As Head of Pathology & Laboratory Medicine at Royal Columbian Hospital, Dr. Reza Alaghehbandan is part of a team that is central to the care of patients. The lab plays a major role in over 80-percent of medical diagnoses, providing answers to questions that cannot be answered by speaking with the patient or from basic physical exams or radiographic images.
How extensive is the role of the hospital’s lab?
RA: Our Department is the largest in the region with 300 dedicated staff, providing 4.2 million tests annually. A major part of what we do is cancer diagnosis, which is the foundation of cancer care, with over 1,500 newly diagnosed patients per year. So we play a significant role in the health and well-being of our population.
You’re an Anatomic Pathologist. What does that include?
RA: Anatomic Pathology encompasses the study of tissue and cells removed from patients during a procedure to diagnose a disease and determine a treatment plan. This includes patients’ specimens coming to us directly from hospitals’ operating rooms, outpatient clinics, etc.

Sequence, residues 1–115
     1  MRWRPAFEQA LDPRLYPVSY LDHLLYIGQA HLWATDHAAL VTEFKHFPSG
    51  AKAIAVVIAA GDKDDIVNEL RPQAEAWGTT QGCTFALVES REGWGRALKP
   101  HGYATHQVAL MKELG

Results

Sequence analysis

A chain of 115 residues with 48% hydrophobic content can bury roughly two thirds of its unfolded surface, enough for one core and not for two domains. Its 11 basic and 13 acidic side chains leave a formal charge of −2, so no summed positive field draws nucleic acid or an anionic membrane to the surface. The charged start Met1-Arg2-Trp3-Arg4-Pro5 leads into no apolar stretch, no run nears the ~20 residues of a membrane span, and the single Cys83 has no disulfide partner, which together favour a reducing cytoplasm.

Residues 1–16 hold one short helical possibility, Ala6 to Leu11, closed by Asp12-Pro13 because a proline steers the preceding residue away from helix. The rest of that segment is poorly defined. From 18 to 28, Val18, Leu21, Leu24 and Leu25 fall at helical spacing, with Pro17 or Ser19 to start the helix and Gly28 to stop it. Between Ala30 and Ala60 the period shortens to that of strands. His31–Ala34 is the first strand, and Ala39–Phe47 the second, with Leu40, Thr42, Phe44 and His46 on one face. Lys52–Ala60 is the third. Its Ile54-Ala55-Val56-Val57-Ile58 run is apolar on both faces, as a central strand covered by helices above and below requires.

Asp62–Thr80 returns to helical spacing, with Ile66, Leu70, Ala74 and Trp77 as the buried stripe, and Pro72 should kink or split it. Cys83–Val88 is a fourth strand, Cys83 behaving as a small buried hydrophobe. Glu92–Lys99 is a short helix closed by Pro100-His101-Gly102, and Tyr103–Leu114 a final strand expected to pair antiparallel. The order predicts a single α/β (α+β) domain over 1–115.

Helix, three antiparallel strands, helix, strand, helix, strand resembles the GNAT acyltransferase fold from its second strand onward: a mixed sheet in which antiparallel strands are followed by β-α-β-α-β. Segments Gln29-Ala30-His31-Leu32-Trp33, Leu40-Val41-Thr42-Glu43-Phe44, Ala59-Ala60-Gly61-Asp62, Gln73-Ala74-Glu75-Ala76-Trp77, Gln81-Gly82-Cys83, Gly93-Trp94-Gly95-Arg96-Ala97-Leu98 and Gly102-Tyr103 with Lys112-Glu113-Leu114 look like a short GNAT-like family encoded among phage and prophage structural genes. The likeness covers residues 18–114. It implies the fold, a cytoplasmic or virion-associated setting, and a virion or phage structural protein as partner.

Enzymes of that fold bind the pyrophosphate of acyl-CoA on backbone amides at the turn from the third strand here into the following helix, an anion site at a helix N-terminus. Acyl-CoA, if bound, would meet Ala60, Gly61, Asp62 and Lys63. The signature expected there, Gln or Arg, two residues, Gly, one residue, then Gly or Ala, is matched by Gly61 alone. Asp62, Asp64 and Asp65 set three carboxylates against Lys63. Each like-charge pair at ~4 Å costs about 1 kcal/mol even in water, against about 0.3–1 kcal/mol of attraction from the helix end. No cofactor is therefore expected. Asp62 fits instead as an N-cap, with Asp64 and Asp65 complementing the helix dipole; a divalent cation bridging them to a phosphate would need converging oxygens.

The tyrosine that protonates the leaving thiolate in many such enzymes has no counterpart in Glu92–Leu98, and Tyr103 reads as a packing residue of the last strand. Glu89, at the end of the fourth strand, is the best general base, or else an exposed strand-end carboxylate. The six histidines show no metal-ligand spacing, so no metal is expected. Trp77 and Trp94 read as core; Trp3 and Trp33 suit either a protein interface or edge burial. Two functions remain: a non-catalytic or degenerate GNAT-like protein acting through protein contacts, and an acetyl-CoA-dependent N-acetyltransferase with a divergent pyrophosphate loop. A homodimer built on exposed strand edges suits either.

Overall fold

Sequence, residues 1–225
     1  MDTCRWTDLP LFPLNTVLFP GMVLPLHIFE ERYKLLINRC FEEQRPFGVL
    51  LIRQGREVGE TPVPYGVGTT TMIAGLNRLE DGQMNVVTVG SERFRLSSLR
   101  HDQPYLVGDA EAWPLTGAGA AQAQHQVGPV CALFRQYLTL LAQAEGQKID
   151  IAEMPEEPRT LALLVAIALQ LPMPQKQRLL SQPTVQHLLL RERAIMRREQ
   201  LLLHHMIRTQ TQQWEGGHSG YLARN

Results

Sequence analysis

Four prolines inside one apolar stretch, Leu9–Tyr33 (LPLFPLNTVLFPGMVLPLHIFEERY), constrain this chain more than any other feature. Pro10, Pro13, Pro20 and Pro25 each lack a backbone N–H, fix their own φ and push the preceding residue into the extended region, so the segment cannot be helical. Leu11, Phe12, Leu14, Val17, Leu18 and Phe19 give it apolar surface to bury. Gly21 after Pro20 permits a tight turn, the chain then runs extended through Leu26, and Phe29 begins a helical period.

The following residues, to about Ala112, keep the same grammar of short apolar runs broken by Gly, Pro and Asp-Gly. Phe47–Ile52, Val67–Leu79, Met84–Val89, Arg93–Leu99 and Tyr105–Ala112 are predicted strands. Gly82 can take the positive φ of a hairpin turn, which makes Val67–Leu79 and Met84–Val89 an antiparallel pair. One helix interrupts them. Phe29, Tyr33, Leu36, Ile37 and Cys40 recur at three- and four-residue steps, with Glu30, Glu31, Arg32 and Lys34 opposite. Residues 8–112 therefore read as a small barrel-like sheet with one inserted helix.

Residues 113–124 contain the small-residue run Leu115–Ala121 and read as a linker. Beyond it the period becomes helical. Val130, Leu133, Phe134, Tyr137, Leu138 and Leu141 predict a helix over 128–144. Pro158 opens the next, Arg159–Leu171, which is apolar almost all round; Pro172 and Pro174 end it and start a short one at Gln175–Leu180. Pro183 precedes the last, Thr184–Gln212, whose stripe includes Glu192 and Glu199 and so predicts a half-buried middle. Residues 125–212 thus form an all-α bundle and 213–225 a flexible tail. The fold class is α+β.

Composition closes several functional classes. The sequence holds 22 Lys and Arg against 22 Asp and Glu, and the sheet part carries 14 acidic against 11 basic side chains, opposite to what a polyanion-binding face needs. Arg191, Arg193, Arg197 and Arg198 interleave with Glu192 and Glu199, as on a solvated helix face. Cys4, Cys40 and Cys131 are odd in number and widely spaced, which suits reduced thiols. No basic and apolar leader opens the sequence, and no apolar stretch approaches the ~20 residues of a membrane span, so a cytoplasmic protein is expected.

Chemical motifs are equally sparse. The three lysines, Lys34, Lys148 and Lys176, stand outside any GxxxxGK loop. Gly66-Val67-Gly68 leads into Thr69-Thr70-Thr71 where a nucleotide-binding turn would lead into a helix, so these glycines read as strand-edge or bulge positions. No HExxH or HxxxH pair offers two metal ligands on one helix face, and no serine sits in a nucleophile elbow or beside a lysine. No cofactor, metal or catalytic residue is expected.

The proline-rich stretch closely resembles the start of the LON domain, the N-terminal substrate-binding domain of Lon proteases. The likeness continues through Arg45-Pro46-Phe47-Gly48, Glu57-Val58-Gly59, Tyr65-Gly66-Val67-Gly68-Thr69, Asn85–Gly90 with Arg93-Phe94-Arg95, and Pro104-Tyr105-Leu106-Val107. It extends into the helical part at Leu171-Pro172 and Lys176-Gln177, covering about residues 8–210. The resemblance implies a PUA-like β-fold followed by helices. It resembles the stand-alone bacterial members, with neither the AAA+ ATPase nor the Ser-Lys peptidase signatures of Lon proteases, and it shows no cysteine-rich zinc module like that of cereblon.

Outside of your role at Royal Columbian, you are involved in a number of initiatives.
RA: I am a faculty member with UBC, teaching residents and medical students. I also serve on a number of provincial and national organizations and committees. I have been very privileged to engage in volunteer activities in under-resourced countries in Africa and Asia. I am an IAP (International Academy of Pathology) Ambassador, promoting pathology services in underserved areas. I also serve on an expert panel on cancer control at the World Health Organization for building pathology capacity in low-resource countries.
What drew you to become involved?
The reason is very simple. Happiness is directly connected to service, and serving others enriches one’s soul. In life, we have been given so much and being a big believer in a two-way avenue philosophy, we must share and give back too. Serving others in need is an honour and privilege that should not be taken lightly. And in fact philanthropy is the essence of Global Health, which reminds me of this by William Shakespeare:
“The quality of mercy is not strain’d,
It droppeth as the gentle rain from heaven
Upon the place beneath: it is twice blest;
It blesseth him that gives and him that takes.”